The first quarter of Bed Bath & Beyond's (NASDAQ:BBBY) 2020 fiscal year ran from March 1 to May 30. That period roughly corresponded to the peak of the COVID-19 pandemic. As a result, the struggling retailer had to keep most of its stores closed for most of the quarter.
Bed Bath & Beyond was able to drive strong growth in digital sales last quarter, but it wasn't nearly enough to offset the sharp plunge in brick-and-mortar revenue. Furthermore, digital sales are less profitable than in-store sales, mainly due to the cost of shipping. Thus, Bed Bath & Beyond reported dreadful results for the first quarter. While the rest of the year isn't likely to be quite as bad, management will face formidable challenges in trying to return the company to sustainable profitability.
Sales and profitability plummet
Bed Bath & Beyond's digital sales more than doubled in April and May and grew 82% year over year for the first quarter as a whole. However, the company has historically had fairly low e-commerce penetration, and the pandemic caused in-store sales to drop by 77%. Even high-double-digit e-commerce growth couldn't come close to offsetting this decline in brick-and-mortar sales. Total revenue fell 49% to $1.31 billion, missing the average analyst estimate of $1.39 billion.
Meanwhile, gross margin plunged by 7.8 percentage points (from 34.5% to 26.7%), reflecting a huge jump in shipping costs, as well as a shift toward lower-margin items and greater promotional activity.
The home furnishings retailer did manage to reduce its first-quarter operating expenses (excluding one-time items) by about 15%. Nevertheless, Bed Bath & Beyond reported a massive first-quarter adjusted loss of $243 million, or $1.96 per share. For comparison, it earned a modest adjusted profit of $0.12 per share a year earlier.
Burning through cash -- and book value
In a press release last month, Bed Bath & Beyond said that it ended the first quarter with about $1.2 billion of cash and investments on its balance sheet. Based on the company's previously announced financing activity, this implied that it burned through at least $400 million last quarter.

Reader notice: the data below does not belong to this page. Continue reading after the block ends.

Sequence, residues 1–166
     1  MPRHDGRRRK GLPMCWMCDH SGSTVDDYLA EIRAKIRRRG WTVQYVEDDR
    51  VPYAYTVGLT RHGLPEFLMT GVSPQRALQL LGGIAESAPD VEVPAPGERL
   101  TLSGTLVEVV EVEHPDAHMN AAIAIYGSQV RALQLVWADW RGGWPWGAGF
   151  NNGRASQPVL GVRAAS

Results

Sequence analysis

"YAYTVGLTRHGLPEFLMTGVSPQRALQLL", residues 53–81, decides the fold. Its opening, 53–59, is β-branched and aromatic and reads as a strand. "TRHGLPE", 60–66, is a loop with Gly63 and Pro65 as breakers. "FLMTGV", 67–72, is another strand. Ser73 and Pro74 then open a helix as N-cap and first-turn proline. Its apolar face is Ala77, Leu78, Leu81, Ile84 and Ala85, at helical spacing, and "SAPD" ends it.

Sure enough, the earnings report revealed that Bed Bath & Beyond used $395 million of cash in its operations and spent another $42 million on capex. That put its Q1 cash burn at $437 million.
Bed Bath & Beyond's losses are also rapidly burning through its book value. Shareholders' equity fell from $2.56 billion at the beginning of fiscal 2019 to $1.76 billion by the end of the fiscal year. Shareholders' equity fell again last quarter, this time to $1.46 billion. While book value is still positive -- and slightly higher than Bed Bath & Beyond's market cap of roughly $1.3 billion -- it provides no meaningful downside protection for shareholders.
A tough road ahead
The first quarter was particularly bad for Bed Bath & Beyond because so many of the company's stores were closed for most of the period. Management has been pleasantly surprised by sales trends in stores as they have reopened, and online demand remains strong, with digital sales up more than 80% year over year in June. That said, rising COVID-19 case numbers in many parts of the U.S. could spoil Bed Bath & Beyond's brick-and-mortar momentum.
Moreover, Bed Bath & Beyond's profit margin has been in free fall for more than five years. As sales shift toward digital channels (especially ship-to-home), Bed Bath & Beyond will face continuing margin pressure. A slower pace of sales declines won't be enough to bring it back to profitability.
Management is addressing these margin woes from two angles. First, CEO Mark Tritton and his team plan to improve the company's product assortment and pricing to reconnect with customers. Second, Bed Bath & Beyond aims to reduce annual costs by $250 million to $350 million, including by closing about 200 of its 1,478 stores (mainly from its flagship banner) over the next two years.
These actions may be a case of too little, too late. Bed Bath & Beyond faces structural headwinds to its store traffic, particularly compared to rivals like Target. Cost cuts and product improvements may only partially offset the margin headwinds from persistently weak store traffic. As a result, Bed Bath & Beyond may struggle to return to profitability.